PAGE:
Backwards and In Heels

"Sure [Fred Astaire] was great, but don't forget Ginger Rogers did everything he did backwards...and in high heels!" -- Bob Thaves  So this might get ranty at times, but I'd like to throw my two cents into the ginormous piggy bank of this discussion. Women on book covers/movie posters...particularly in the urban fantasy genres. This comes about because Tor.com posted an article about that pose. I posted it on my Facebook page and someone asked me what a "good pose" would be and advised me to show my work. Well, here we go. It's not a new observation. There's the video that compares urban fantasy book covers. In January Jim C Hines did the iconic blog post where he tried to mimic the covers of popular books just to show how ridiculous women are portrayed. We also learned that insulin ports are sexier than tribal tattoos. Then a blogger named Anna took it a step further, imitating the same poses and those of men on similar covers. Please go check out the latter two links if nothing else. While highlighting a problem, they are wickedly funny.All joking aside, though, there is a trend in they way women are posed on book covers that pisses me off. Now, romance covers have their own tropes. Bodices splitting, shoulders bare...whatever. Those books are somewhat exempt from what I'm about to tear into and here's why: Urban Fantasy prides itself on having Strong Female Protagonists. There are whole message boards and websites devoted to amping up women's roles in books, bringing them to the fore as role models. We don't want female characters that are shoved into men's situations. We don't want wilting flowers or smoldering vixens. We want women. Real. Strong. Capable. Women. I say this as a reader, a writer and a woman. We need stories with women being themselves unabashedly, stories where her femininity isn't highlighted. You wouldn't praise Harry Dresden for accomplishing so much while also being a man, would you? Then don't do the same thing to Dante Valentine. Women need stories where our gender kicks ass, takes names and maintains herself throughout the arc. We need for that woman to be taken seriously.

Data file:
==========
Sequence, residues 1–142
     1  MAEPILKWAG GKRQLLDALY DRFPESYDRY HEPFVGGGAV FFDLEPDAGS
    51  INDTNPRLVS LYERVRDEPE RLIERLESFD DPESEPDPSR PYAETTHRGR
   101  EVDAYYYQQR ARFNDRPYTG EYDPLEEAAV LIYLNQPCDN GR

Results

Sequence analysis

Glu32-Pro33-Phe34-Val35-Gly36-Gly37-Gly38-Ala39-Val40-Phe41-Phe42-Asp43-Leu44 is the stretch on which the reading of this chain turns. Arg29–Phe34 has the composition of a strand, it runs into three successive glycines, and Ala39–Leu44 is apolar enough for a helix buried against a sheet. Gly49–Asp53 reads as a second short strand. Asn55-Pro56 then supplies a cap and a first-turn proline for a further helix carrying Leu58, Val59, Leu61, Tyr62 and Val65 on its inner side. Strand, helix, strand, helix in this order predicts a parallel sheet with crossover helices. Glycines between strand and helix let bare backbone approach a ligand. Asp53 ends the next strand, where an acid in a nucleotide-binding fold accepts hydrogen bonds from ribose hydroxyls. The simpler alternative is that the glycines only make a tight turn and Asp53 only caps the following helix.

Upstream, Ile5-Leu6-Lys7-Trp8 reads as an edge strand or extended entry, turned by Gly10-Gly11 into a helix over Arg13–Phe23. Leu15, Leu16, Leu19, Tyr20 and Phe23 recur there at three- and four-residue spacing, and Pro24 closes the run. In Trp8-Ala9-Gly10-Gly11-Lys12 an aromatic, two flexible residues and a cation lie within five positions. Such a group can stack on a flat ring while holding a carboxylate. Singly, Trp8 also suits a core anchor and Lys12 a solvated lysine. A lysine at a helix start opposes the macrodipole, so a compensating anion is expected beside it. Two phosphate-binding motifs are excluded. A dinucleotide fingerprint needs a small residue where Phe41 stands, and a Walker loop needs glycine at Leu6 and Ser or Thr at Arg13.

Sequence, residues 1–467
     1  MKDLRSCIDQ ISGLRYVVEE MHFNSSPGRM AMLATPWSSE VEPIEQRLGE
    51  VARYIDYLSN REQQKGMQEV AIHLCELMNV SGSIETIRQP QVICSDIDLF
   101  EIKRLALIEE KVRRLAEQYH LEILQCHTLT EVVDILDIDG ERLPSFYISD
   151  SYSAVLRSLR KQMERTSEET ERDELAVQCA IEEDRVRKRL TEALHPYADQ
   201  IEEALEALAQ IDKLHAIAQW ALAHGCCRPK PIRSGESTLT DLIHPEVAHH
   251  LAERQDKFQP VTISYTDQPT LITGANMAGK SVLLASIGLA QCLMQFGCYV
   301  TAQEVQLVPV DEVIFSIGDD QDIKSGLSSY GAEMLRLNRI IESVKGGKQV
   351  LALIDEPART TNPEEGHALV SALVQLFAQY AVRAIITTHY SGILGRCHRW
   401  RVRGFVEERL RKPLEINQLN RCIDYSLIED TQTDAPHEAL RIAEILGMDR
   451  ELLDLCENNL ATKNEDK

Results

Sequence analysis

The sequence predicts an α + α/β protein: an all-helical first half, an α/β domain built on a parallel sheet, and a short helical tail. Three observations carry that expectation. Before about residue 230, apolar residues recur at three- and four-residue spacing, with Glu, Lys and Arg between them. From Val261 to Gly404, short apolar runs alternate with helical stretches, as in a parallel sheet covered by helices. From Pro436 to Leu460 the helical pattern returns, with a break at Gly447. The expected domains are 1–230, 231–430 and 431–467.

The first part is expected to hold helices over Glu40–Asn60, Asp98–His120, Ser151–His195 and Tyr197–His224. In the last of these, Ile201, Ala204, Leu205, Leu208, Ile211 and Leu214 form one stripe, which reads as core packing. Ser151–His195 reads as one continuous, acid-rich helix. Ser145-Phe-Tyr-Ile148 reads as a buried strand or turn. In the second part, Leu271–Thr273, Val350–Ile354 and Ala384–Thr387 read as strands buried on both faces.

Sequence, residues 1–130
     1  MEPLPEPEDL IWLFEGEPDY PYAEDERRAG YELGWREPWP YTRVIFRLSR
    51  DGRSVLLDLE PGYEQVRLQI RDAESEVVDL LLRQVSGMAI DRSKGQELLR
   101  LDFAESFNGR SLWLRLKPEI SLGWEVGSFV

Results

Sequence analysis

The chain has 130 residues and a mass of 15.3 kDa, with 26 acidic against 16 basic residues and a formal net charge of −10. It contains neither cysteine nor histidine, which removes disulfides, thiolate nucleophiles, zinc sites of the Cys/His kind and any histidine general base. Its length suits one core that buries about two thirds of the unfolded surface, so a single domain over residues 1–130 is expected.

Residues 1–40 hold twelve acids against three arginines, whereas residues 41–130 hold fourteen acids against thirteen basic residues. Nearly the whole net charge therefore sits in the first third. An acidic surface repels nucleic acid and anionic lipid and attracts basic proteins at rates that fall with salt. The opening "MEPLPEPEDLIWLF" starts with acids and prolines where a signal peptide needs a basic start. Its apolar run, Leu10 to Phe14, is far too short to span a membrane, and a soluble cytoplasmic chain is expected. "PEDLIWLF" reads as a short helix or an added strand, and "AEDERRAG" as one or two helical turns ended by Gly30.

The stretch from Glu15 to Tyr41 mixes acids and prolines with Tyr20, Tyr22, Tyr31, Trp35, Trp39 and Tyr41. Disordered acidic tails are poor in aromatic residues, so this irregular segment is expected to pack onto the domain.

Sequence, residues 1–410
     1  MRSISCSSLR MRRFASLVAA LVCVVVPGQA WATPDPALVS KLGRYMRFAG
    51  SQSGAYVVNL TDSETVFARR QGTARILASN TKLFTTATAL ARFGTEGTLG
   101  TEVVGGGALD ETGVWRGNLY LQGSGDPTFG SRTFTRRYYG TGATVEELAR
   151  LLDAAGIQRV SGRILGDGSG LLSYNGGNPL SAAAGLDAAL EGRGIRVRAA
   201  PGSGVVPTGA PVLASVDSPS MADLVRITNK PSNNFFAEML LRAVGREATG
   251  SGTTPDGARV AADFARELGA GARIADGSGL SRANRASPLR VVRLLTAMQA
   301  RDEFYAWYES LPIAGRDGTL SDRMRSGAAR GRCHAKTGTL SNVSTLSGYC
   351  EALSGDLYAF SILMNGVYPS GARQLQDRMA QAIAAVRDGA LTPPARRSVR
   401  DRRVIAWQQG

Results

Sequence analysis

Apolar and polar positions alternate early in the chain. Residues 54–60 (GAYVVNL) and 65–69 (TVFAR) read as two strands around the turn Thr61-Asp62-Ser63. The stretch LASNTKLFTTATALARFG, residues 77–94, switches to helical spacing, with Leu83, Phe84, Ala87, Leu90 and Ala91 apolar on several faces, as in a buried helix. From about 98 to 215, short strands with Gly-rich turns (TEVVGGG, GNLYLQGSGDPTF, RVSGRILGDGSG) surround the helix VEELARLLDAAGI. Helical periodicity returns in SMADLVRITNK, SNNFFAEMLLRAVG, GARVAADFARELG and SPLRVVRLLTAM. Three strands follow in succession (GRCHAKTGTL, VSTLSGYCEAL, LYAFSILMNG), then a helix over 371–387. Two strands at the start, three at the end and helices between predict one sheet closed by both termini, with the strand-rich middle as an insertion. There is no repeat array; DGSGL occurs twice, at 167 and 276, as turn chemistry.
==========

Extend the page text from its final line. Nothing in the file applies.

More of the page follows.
These covers completely undermine that last part. I'm sorry, I can't take a woman seriously if she's supposed to be fighting demons on rooftops if she's wearing skin-tight plastic and stiletto boots. I want strength, not a firm ass. By objectifying the heroine on the cover, you've already changed the narrative in a very subliminal way. It tells me that above all things, I should value her sexuality, not her dedication, her ferocious nature or her skills.

For example, DELIVERANCE by Dakota Banks features an Elektra knock-off in an impossible pose and clothing that is straight from the goth club on a Friday night. At least her hair is braided. Because when you're fighting off evil, there's nothing worse than having to blow your bangs out of your face or stop to tie up your hair.

FORGED IN FIRE by J.A. Pitts is another one that bothers me, but in a different way. On this cover, our heroine looks like a badass! Platinum blonde hair. Shaved sides. Reasonably realistic clothing choice for a warrior against the damned. WHY ARE WE FEATURING HER ASS?!?! She's got a fucking sword and a hammer on her hip. The look on her face tells me that she could rip out my throat with her teeth. Let her be fierce, dammit! Do not ruin the effect by sexualizing her!

GRR!!!

So, gentle reader, you may be wondering what I see as a good choice for a cover in the genre. Well, it took some looking, but I found some urban fantasy covers that I think maintain feminine integrity without objectifying the heroine.

SHAEDES OF GRAY by Amanda Bonilla. While we still have a variant on The Pose, this one doesn't make her ass the focus. She looks strong and ready to slice anything that twitches. She doesn't look like she is waiting for the first incubus she can find to shag six ways from Sunday.

Natasha Hoar's THE STUBBORN DEAD. On this cover, our heroine wears leather for a practical reason: she is riding a motorcycle. Dangerous, attractive, smart, capable. Based solely on the cover, this is a woman who has her shit together. I'd read it.

Armed. Dangerous. Lovely. Katniss Everdeen in another life, perhaps?
Caroyln Crane's MIND GAMES. Our heroine is dressed sensibly without being frumpy. She's got a wicked knife and the pose is one that is realistic. Solid cover.

 Michael R. Underwood's book GEEKOMANCY just released its cover last week and it is the hotness. We've got an attractive woman (albeit in one of the other stock poses) looking like she could be equally at home playing D&D or as an extra for The Craft. No nonsense, sexy librarian look? Yes. Witchy undertones? Yes. And in the center we've got a D20. I will read this.

It is possible to put a woman on the cover of a book without turning her into a prostitute. So why don't people do it? Why do we keep using the same dumbass tropes on our covers? And while I know it's probably asking for a lot, could we please have a plus-sized cover model? Just once? I'd love to be able to cosplay someone without saying, "Oh, I'm the fat version of ___." (Which is one more reason I love Alexia Tarabotti from Gail Carriger's Parasol Protectorate series.)

And men, I realize that you guys have your share of ridiculous cover art as well. But, the above mentioned Jim Hines posted a spectacular blog on the topic this very morning. Feast your eyes and don't drink anything while doing so. Wouldn't want you to kill a monitor from snarking your chai.

So what about you? What do you think about book cover poses? Share some of your favorites in the comments or point me toward the ones that just make your eyeballs curdle with shame and despair.

Until then,

Nerdmaste.